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Widespread evidence of efficiency and quality of life gains exist today – the benefits are undeniable. Telehealthcare can dramatically improve the lives of people as well as their carers and is an enabler for re-engineering of health and social care provision whilst creating an integrated healthcare pathway. Here are some examples.
This collaborative white paper from the Good Governance Institute (GGI) and Care England, explores innovations in residential and home care. “Innovations in Care” aims to inform debate around the future of care services across the UK, and comes in the context of the Burstow Commission’s “Key to Care” report.
The paper covers three key areas of care: accommodation and facilities, commissioning and strategic organisation, and the delivery of care itself. In order understand why some health and social care organisations have been more receptive to innovations than others, the paper outlines some of the key barriers to innovations and suggests ways in which these can be overcome.
The idea and much of the content of this paper originated from a roundtable discussion facilitated at GGI’s Clinical Advisory Group (CAG). This group has been meeting regularly over several years to develop thinking about how health and social care organisations can rise to the challenges posed by demographic changes and new patterns of morbidity.
Telehealthcare solutions were a key focus of the group’s discussion informing this white paper, as were training and employment conditions, along with the need for broader systemic innovations and alternative commissioning models in social care.
Joy Hollister, Children, Adults and Housing Group Director at London Borough of Havering, discusses evidencing in Havering in this Better care blog, produced in partnership with ADASS.
Telehealth is seen as a way of improving access to patient care for long term conditions and there is a considerable volume of published literature available. This report provides an overview of the best available evidence by summarising recent systematic reviews. It was found that there is more evidence for some conditions than others, but on the whole the trends are largely positive suggesting that telehealth is effective in:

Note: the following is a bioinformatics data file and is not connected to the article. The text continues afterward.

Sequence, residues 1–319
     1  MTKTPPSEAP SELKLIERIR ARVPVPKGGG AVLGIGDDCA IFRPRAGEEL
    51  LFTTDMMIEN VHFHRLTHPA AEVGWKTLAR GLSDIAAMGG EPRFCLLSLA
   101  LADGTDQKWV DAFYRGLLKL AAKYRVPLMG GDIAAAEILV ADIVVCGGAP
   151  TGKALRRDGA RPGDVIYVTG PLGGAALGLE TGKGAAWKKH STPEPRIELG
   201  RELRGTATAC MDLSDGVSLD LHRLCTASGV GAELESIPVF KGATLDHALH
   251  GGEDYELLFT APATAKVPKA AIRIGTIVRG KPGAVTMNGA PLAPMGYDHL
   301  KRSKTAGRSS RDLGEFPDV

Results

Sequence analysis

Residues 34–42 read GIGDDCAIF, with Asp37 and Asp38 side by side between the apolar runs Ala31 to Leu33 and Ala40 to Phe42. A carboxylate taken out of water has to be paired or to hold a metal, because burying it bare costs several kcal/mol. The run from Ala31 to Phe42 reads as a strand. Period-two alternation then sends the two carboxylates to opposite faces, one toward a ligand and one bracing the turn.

The report by CIH and Tunstall Healthcare addresses how redesigned housing solutions can improve health and wellbeing, with particular emphasis on the role of assistive technology.
The new report from Housing Learning Improvement Network (LIN), focuses on the role of assisted living technology in social housing for vulnerable adults.
The report, entitled ‘Supporting Vulnerable Adults: the application of assistive living technology to support independence’, describes how technology can help support vulnerable people such as those with mental health issues, learning disabilities, those recovering from alcohol or substance misuse, and people fleeing domestic violence.
This GGI report provides a number of recommendations aimed at Government and local authority officials about how telecare services and user outcomes can be improved. It is targeted at policy-makers, local authority councillors with an interest in adult social care, local authority directors of adult social services, and health and wellbeing board members. Its purpose is to encourage decision-makers to understand the current provision of telecare services in England and how services can be improved for the future.